See, earlier, by James Fulford: "Actually, There Has Always Been Migration"—But In Those Days They Called It Invading!
From the New York Times:
A History of the Iberian Peninsula, as Told by Its Skeletons
With an analysis of DNA from nearly 300 fossilized remains, scientists are peering into human prehistory in the region.
For thousands of years, the Iberian Peninsula — home now to Spain and Portugal — has served as a crossroads.
Carl Zimmer starts off with a lot of talk about migrations and comings and goings and how they’ve happened again and again.
So why are you nativists worried about a few newcomers showing up in your country? Look at prehistory! The same thing happened then. It worked out fine, just fine. It’s migration, it’s natural, it’s inevitable. It’s who we are!
… About 4,500 years ago, still another wave of people arrived, profoundly altering the makeup of Iberia.
A few centuries earlier, nomads from the steppes of what is now Russia turned up in Eastern Europe with horses and wagons.
The Yamnaya (i.e., the Aryans).
They spread across the continent, giving up nomadic life and intermarrying with European farmers.
Isn’t that sweet. It sounds so romantic!
When they finally reached Iberia, these people spread out far and wide. “They really have an impact on the whole peninsula,” said Dr. Olalde.
But skeletal DNA from that period is striking and puzzling. Over all, Bronze Age Iberians traced 40 percent of their ancestry to the newcomers.
DNA from the men, however, all traced back to the steppes.
Uh, you know, I’m not an anthropologist, but this Bronze Age Aryan migration sounds … uh … kind of barbaric.
The Y chromosomes from the male farmers disappeared from the gene pool.
Let me guess the motivations of the newcomers/victors: “To crush your enemies, to see them driven before you, and to hear the lamentations of their women.”
But then I’m not a trained archaeologist so what do I know?
To archaeologists, the shift is a puzzle.
“I cannot say what it is,” said Roberto Risch, an archaeologist at the Autonomous University of Barcelona, who was not involved in the new studies. But he ruled out wars or massacres as the cause. “It’s not a particularly violent time,” he said.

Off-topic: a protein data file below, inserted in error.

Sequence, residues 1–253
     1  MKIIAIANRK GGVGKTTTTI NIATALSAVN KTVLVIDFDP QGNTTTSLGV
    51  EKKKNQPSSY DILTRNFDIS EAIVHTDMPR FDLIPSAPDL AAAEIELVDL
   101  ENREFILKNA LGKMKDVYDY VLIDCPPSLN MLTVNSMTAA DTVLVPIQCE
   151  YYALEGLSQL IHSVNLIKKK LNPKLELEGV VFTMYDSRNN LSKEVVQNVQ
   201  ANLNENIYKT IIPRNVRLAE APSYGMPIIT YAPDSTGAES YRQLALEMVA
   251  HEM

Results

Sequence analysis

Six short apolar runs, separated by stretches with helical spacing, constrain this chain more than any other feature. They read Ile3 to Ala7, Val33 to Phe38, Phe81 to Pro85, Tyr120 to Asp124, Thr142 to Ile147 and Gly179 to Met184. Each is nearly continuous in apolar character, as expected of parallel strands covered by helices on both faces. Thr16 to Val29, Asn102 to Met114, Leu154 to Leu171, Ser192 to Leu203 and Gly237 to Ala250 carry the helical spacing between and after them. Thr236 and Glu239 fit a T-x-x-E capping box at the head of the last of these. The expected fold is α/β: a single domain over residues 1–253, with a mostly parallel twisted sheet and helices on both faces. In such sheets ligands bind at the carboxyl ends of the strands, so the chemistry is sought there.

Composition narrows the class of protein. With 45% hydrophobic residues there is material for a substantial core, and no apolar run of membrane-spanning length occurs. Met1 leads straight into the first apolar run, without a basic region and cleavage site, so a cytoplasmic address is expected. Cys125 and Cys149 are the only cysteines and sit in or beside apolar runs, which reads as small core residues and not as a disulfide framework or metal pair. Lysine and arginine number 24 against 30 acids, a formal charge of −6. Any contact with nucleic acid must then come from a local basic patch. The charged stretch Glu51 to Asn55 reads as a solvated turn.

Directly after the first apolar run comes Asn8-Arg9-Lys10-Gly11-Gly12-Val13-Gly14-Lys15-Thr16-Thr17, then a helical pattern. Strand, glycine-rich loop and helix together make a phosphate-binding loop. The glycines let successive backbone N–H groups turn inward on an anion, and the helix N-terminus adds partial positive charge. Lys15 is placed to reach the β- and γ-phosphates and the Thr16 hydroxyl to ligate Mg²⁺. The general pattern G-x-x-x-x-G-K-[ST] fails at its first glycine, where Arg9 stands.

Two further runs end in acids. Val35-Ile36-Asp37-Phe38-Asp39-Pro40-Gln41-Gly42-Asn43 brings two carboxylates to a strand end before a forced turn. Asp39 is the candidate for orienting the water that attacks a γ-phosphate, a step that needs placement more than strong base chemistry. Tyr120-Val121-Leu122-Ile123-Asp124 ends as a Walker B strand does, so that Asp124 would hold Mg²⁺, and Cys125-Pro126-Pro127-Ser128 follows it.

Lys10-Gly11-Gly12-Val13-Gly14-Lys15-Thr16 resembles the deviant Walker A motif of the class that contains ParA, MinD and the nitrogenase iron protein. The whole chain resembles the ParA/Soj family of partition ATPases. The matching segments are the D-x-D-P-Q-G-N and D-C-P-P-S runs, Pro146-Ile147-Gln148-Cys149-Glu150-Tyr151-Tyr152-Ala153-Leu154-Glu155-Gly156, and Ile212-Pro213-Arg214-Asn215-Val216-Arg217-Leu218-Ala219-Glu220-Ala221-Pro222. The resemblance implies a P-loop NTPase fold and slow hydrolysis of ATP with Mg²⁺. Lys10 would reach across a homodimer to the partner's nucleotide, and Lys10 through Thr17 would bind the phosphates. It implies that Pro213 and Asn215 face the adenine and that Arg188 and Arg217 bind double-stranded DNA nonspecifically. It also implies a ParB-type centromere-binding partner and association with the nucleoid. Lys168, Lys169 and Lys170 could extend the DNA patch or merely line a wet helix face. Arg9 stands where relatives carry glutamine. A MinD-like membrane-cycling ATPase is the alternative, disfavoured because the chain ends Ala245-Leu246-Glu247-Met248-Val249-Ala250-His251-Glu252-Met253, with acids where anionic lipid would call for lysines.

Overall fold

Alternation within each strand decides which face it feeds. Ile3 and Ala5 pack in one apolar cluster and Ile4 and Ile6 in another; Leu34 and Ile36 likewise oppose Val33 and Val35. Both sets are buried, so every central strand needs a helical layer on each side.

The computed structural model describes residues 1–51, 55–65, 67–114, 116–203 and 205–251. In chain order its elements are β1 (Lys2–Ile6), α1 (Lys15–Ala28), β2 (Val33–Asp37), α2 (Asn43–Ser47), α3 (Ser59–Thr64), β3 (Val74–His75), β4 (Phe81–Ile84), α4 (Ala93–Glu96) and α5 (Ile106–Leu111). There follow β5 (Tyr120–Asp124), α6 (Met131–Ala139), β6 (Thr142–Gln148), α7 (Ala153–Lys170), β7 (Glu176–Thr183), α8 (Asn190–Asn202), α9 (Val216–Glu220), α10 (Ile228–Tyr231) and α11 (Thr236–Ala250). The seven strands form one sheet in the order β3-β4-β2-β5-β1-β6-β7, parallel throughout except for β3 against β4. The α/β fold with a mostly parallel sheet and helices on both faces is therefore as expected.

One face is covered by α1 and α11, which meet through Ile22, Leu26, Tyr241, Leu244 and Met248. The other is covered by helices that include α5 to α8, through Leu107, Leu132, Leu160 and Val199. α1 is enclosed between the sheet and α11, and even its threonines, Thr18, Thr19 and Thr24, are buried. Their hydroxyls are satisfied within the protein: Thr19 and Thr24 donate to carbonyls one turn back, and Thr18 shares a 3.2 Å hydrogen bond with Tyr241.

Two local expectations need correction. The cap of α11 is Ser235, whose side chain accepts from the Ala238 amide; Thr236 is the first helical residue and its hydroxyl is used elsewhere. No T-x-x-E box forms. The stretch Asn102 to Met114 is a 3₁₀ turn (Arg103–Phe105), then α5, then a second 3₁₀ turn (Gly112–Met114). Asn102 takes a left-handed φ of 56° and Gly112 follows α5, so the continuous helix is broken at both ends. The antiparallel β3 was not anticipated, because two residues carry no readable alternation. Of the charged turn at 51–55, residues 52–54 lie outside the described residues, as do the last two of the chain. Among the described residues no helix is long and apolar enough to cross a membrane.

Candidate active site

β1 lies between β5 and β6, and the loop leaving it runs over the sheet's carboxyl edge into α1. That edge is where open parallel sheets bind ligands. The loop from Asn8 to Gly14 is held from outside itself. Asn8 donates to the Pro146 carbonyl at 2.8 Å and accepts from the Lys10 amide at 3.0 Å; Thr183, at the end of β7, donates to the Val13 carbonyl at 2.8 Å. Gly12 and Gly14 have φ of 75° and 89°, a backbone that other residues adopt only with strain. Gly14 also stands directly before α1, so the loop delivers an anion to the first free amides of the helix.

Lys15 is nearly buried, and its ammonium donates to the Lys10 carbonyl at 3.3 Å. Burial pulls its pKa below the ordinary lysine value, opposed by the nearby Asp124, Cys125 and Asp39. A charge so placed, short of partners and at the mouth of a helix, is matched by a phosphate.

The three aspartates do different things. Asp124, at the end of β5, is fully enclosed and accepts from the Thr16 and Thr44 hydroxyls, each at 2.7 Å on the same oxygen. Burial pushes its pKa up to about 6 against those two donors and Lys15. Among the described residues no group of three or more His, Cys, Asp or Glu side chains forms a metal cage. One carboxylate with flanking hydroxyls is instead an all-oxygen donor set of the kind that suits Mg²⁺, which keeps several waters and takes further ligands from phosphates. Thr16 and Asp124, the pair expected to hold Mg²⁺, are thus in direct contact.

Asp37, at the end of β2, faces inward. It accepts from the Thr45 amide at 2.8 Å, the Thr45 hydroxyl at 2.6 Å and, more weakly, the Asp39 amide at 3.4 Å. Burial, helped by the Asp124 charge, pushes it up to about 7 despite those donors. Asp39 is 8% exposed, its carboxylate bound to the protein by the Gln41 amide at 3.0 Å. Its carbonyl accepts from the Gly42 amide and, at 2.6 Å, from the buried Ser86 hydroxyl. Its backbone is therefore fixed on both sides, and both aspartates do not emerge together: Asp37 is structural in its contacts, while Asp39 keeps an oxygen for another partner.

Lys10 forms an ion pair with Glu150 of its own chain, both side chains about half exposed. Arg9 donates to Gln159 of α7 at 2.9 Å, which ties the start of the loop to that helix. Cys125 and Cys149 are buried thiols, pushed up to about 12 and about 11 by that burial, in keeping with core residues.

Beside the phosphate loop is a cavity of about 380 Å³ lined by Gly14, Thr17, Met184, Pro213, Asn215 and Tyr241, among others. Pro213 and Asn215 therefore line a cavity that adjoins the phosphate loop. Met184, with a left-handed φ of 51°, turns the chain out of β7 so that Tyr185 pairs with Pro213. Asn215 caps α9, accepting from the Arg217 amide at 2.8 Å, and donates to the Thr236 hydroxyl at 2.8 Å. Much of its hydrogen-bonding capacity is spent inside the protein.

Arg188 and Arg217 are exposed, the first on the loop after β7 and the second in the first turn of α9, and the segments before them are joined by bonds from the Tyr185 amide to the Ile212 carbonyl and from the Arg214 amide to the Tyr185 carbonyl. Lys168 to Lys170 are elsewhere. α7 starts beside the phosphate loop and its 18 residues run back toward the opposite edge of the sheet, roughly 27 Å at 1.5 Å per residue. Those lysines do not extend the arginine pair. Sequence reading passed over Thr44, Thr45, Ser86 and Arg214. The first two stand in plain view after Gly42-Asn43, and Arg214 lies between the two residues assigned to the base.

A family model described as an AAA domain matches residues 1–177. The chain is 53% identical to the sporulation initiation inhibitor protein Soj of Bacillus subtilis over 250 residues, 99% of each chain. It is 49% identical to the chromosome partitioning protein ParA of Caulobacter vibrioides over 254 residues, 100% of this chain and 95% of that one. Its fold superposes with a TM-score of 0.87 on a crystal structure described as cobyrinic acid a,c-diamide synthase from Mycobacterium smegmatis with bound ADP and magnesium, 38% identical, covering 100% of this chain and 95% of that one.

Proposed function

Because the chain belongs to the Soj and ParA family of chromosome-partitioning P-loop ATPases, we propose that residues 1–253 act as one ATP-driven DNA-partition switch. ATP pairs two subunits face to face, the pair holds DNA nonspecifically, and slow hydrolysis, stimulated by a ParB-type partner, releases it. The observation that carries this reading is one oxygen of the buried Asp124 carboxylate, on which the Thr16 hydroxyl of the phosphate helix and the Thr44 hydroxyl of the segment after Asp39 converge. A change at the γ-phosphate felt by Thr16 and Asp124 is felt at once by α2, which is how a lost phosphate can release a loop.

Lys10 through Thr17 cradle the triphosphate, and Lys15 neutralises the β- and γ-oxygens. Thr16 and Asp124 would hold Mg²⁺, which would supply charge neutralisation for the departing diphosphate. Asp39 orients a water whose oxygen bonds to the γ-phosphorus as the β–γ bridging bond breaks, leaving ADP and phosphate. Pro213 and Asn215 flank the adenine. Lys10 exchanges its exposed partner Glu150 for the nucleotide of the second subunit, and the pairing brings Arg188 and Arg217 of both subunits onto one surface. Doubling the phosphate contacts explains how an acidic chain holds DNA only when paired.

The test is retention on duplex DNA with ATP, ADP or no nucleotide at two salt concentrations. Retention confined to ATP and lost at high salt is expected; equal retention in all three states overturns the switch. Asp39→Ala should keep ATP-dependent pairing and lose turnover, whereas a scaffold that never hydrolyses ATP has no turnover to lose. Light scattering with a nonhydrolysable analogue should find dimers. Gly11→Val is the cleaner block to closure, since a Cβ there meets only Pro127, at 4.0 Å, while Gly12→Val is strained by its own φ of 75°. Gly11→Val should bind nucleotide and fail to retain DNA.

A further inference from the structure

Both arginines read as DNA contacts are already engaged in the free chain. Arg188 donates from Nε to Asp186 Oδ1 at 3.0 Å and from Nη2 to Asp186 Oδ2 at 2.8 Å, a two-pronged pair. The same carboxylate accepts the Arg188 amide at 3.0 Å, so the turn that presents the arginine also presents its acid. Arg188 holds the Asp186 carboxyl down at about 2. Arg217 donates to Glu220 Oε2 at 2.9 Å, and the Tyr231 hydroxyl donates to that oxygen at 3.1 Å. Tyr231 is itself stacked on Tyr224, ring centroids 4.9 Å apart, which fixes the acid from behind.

Of course it wasn’t a particularly violent time. It’s just that a whole bunch of Aryan barbarians came pouring in off the steppe and wound up with all the surviving women, fathering every single one of their male children.
Instead, Dr. Risch suspects “a political process” is the explanation.
Probably involving Roberts’ Rules of Order. No doubt, it was quite tedious, like a zoning board hearing.
In their archaeological digs, Dr. Risch and his colleagues have found that Iberian farmers originally lived in egalitarian societies, storing their wealth together and burying their dead in group graves.
But over several centuries, palaces and fortresses began to rise, and power became concentrated in the hands of a few. Dr. Risch speculated that the cultural shift had something to do with the genetic shift found by Dr. Olalde and his colleagues.
O … kaaay!
This urge to retcon prehistory in the most passive voice manner possible, when the genetic evidence of utter barbarism is clear, is awfully strange.
It’s weird how progressives don’t believe in progress anymore. Instead of saying, “Yeah, it was horrible back then. Fortunately, we’ve progressed past barbarism and now have civilized inventions like borders and laws to prevent these kind of genocidal clashes,” they say, “Oh, it was really nice back then. There’s a trope that the Aryan Battle-Axe Culture were violent marauders. Instead, it was … a political process …